Manuel I of Portugal issued a foral (charter) in 1514. Also in the 16th century, Manuel de Noronha (one of the more notable prelates of Lamego) was appointed the Bishop of Lamego, occupying the role for the next 18 years and referred to the "great builder", responsible for the cult of Nossa Senhora dos Remédios (Our Lady of Remedies).[4]

In the 17th and 18th century, the solares (country estates) are slowly constructed in Lamego, resulting from the wine commerce down the Douro. The economic growth of viticulture along the Douro resulted in the issuance of a writ by the Marquess of Pombal to designate the area as the Região Demarcada do Douro and the establishment of the Companhia Geral da Agricultura das Vinhas do Alto Douro (General Company of the Wine Agriculture of the Upper Douro).[4]

In 1835, Lamego was the capital of the district, but lost this title to Viseu (December 1835), under the authority of the King's Minister Luís Mouzinho de Albuquerque. In 1919, in an attempt to restore the monarchy, Lamego became the capital of the district for 24 days.[4]

During the second half of the 19th century, during the presidency of the Viscount of Guedes Teixeira, Lamego begins a process of modernization with the construction of new avenues.[4]

After the establishment of the First Republic, during the presidency of Alfredo de Sousa, Lamego undergoes a new phase of building, including the construction a bridge over the Coura River.[4]

Geography[edit]

Human geography[edit]

Population of
Lamego
(1849 - 2004)
Year Pop. ±%
1801 14,688 —    
1849 20,240 +37.8%
1900 31,835 +57.3%
1930 34,730 +9.1%
1960 36,320 +4.6%
1981 32,833 −9.6%
1991 30,164 −8.1%
2001 28,081 −6.9%
2011 26,691 −4.9%

Administratively, the municipality is divided into 18 civil parishes (freguesias):[6]

  • Lamego (Almacave e Sé)
  • Avões
  • Bigorne, Magueija e Pretarouca
  • Britiande
  • Cambres
  • Cepões, Meijinhos e Melcões
  • Ferreirim
  • Ferreiros de Avões
  • Figueira
  • Lalim
  • Lazarim
  • Parada do Bispo e Valdigem
  • Penajóia
  • Penude
  • Samodães
  • Sande
  • Várzea de Abrunhais
  • Vila Nova de Souto d'El-Rei

Economy[edit]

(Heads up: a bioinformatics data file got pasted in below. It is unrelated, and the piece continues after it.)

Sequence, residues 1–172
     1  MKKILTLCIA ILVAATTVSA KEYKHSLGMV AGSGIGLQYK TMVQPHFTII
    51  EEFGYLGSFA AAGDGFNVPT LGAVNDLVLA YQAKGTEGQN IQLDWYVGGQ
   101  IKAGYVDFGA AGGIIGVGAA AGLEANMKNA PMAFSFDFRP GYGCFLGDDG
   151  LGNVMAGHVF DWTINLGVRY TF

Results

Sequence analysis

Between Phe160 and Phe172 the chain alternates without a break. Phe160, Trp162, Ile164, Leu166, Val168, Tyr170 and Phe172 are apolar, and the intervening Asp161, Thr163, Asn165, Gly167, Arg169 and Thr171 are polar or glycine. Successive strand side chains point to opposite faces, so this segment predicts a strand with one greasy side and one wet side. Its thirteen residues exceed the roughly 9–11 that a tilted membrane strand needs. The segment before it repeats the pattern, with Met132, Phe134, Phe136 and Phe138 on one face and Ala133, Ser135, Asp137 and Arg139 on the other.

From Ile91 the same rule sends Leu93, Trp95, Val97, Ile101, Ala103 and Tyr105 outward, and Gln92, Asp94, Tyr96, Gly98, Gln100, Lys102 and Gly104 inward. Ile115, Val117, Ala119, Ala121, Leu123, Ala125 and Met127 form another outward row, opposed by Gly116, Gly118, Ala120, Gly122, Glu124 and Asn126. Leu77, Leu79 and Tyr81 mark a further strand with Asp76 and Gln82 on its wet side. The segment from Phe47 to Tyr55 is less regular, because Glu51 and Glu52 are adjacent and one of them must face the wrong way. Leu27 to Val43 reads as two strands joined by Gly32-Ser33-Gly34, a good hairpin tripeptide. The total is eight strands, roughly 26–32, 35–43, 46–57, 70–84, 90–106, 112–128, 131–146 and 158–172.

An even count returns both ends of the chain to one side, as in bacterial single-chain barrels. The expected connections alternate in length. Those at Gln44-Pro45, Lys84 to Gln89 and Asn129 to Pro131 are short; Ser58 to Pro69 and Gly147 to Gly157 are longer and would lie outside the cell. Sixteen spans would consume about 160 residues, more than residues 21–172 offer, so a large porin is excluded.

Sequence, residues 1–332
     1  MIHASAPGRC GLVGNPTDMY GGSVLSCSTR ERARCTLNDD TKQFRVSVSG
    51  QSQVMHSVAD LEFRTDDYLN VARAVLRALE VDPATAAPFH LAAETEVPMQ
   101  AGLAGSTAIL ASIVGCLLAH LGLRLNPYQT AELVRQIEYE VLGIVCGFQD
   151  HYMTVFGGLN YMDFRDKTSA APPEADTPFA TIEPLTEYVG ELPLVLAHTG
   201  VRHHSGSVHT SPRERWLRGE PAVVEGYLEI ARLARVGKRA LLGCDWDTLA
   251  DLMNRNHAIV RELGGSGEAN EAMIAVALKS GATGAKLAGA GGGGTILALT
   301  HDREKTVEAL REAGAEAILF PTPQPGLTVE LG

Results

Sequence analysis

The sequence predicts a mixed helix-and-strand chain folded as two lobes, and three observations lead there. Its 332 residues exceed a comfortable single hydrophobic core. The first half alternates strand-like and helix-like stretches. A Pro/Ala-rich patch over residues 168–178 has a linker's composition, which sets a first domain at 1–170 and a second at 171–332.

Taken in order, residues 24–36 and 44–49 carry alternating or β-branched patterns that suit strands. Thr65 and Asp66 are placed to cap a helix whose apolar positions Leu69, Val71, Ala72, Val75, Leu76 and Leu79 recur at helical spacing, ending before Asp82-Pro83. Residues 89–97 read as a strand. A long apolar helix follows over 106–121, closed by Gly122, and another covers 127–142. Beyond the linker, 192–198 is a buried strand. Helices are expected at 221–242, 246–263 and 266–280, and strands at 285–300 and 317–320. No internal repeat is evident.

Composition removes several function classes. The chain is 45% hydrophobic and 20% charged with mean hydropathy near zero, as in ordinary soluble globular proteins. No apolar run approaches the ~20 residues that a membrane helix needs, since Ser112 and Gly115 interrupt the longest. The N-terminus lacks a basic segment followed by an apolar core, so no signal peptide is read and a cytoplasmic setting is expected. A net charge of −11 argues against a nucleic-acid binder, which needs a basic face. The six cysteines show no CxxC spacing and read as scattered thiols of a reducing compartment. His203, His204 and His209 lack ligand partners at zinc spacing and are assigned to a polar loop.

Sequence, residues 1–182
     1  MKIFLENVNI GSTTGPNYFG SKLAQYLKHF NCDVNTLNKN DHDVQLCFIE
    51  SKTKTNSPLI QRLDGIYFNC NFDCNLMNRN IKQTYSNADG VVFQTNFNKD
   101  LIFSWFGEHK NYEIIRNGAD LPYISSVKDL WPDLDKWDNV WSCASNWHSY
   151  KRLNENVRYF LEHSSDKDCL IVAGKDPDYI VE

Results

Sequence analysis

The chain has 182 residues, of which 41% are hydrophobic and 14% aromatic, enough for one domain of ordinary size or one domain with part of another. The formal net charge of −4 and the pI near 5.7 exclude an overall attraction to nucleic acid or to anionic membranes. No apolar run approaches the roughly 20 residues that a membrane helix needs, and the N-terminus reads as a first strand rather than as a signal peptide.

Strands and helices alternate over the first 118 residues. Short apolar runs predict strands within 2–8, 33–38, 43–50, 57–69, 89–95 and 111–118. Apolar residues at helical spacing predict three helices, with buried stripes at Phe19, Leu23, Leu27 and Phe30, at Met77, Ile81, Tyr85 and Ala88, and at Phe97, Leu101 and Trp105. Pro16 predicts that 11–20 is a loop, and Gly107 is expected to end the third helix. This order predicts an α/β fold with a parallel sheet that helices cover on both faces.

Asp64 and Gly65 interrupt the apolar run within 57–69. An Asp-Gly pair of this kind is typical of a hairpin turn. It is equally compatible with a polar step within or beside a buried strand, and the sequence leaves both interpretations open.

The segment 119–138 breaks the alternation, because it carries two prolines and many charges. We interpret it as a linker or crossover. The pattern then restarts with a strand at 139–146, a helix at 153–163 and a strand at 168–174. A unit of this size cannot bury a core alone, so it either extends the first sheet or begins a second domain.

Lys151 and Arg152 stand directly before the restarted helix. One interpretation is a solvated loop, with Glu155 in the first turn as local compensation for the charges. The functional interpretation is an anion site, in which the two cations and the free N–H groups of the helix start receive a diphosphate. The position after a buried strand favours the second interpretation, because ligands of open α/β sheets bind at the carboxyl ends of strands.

The principal activities in this region are tied to the service sector, with commerce and agriculture also representing an important part of the economy. In particular viticulture, since the municipality (and other municipalities in the region) have been designated as part of the Denominação de Origem Controlada (DOC), a control used to classify wine products as a locally produced product of origin, for national and international marketing. Lamego has a large shopping centre, with approximately 30 main shops, three malls of medium-size and several small traditional shops. Industrial activities are concentrated in the industrial zone in the parish of Várzea de Abrunhais. Lamego textiles are also promoted but tend to be small-scale production runs, with few medium- to large-companies involved in mass-production. The tourist sector is primarily associated with the monuments and religious buildings, and has been a growing part of the local economy. The extension of the A24 motorway has been important in attracting more visitors and businesses to the region.

References[edit]

Notes
  1. ^ Instituto Nacional de Estatística
  2. ^ Direção-Geral do Território
  3. ^ UMA POPULAÇÃO QUE SE URBANIZA, Uma avaliação recente - Cidades, 2004 Nuno Pires Soares, Instituto Geográfico Português (Geographic Institute of Portugal)
  4. ^ a b c d e f g h i j k l m n o p q Câmara Municipal, ed. (2011). "Lamego - Raízes Históricas" (in Portuguese). Lamego, Portugal: Câmara Municipal de Lamego. Retrieved 9 June 2011. 
  5. ^ M. Gonçalves da Costa (1977), p.45
  6. ^ Diário da República. "Law nr. 11-A/2013, page 552 60" (pdf) (in Portuguese). Retrieved 24 July 2014. 
Sources
  • Costa, M. Gonçalves da (1977), História do Bispado e cidade de Lamego (in Portuguese) 1, Lamego, Portugal 

External links[edit]